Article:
Lastly, don’t hesitate to stop by on the IRC channel asking for help!

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15 Responses to A couple of ideas for contributing to Banshee

  1. Shaun says:

    Aaron, what you guys have been doing is just awesome. The extensions framework is no doubt incredibly powerful, but it’s very daunting to figure out. Maybe now that 1.4 is out the door (hooray!), you or one of the other core devs could set aside some time to write a hands-on tutorial for writing extensions.

  2. Ethan Osten says:

    I’d love to contribute – in fact, I have initial code to enable Atom feeds in Migo – but I can’t run Banshee until bugs 547218 and 539683 are fixed.

  3. John Millikin says:

    One major problem I’ve run into while contributing to Banshee is TagLib#; it is missing some significant support for features like sort names or Vorbis cover art. This is compounded by its apparent utter lack of a bug tracker and glacial release cycle.

    Do you know if there are any plans to migrate Banshee’s metadata processing to a more maintained library? GStreamer seems a logical choice, since it’s already used for playback.

  4. Corey says:

    1.4 is amazing. Banshee one of the few programs I use that is better than any windows counterpart I’ve tried or used in the past. 1.4 feels quite a bit more stable than 1.0 and has a fair bit more polish than 1.2. Banshee is one of the reasons I’m still using linux for my day to day computing. I’m a big fan of Last.fm too and I love that integration. I do understand why some folks would prefer more robust web radio support, but even if shoutcast or what not was included I would stick to my custom last.fm stations.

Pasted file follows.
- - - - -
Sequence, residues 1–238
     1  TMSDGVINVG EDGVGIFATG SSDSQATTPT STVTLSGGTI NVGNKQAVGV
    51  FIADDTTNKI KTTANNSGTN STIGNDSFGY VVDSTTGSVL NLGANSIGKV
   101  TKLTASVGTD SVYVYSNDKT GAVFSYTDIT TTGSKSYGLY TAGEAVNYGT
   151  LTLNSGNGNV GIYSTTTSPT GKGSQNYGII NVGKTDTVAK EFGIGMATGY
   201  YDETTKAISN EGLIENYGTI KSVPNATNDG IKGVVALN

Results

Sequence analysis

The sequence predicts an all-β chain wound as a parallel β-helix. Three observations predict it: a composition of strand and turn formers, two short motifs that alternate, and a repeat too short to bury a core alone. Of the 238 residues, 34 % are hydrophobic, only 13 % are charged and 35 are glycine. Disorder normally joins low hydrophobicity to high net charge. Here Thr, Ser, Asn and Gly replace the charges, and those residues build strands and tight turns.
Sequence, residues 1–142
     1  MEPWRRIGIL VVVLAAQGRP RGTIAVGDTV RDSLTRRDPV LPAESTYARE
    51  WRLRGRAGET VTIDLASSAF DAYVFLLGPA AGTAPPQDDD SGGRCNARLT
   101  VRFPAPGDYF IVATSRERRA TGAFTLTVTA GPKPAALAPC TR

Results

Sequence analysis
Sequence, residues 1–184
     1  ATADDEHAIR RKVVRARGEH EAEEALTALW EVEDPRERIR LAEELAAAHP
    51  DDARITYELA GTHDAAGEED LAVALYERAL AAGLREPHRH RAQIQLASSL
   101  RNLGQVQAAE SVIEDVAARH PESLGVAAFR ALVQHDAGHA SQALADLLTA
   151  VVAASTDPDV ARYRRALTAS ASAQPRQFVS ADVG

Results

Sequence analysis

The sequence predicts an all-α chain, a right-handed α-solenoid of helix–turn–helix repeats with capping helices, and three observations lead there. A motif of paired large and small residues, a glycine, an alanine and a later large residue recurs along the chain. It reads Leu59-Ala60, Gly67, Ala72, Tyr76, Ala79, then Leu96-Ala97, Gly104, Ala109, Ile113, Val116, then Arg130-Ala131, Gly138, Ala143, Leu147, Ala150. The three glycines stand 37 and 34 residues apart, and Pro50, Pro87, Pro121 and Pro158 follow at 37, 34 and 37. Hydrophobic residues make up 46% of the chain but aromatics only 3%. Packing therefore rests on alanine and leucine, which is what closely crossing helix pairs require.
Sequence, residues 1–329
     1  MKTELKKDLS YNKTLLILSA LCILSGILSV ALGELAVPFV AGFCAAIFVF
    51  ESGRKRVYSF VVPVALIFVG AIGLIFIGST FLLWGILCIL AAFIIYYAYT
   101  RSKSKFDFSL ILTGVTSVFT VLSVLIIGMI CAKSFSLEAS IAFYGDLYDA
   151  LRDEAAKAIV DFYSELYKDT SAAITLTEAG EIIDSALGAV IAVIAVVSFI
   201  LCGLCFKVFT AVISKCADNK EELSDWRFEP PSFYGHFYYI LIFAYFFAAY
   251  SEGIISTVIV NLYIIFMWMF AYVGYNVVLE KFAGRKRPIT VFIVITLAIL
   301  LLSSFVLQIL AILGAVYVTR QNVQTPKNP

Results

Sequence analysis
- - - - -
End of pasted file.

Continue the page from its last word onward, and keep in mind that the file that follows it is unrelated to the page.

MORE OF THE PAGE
MusicBrainz on the other hand is something I miss from my windows days. I’ve messed around with their linux clients but they are meh at best. MusicBrainz in banshee would blow my mind and help me Get My Damn Tags Right!

  5. Livio says:

    Waiting for crossfade ;) .

  6. murdos says:

    Just to a note to say that Scott has moved musicbrainz-sharp to Musicbrainz svn repository

  7. lariq says:

    John Millikin: Gst is not really suited yet for using it for this purpose. At this time, it works well for getting metadata from a currently played title, not for collecting metadata from a complete library.

  8. James says:

    Thank you for the history tab – now I can merge two identical tracks without losing the number of plays, without having to mess around with sqlite. Thanks again!

  9. @Shaun: now that 1.4 is out the door, we’ll be much more conscious of the API. The aim is to not break existing API for the 1.4 series, do as little breaking as possible for 1.6, and then just build on what we have. With that in mind, I am hoping to start producing tutorials and examples on different ways to extend Banshee. We’ll be migrating the web site to a new CMS soon that will allow for easier content like this to be written.

    @Ethan: we’ll take a look.

    @John: The maintainer of TagLib# appears to have stopped working on the project. We’ve tried unsuccessfully to work with him on getting a few patches rolled into a release. We told him we would be willing to maintain the project if he is unable. Alas, we have yet to hear from him, so my intentions are to fold TagLib# under the Banshee umbrella.

    The source code will still be maintained under Mono SVN, but we’ll set up new project infrastructure (web site, bug tracker, etc) and releases will be done by us, hosted at download.banshee-project.org.

    Finally, TagLibg# is a great code base. It’s very fast, and it covers the big container formats. GStreamer is not the right library to use as a general purpose tagging library for two reasons:

    1) It’s incredibly expensive. Having to set up and tear down a full multimedia pipeline for reading and writing tags takes a long time. This has to be done on each song.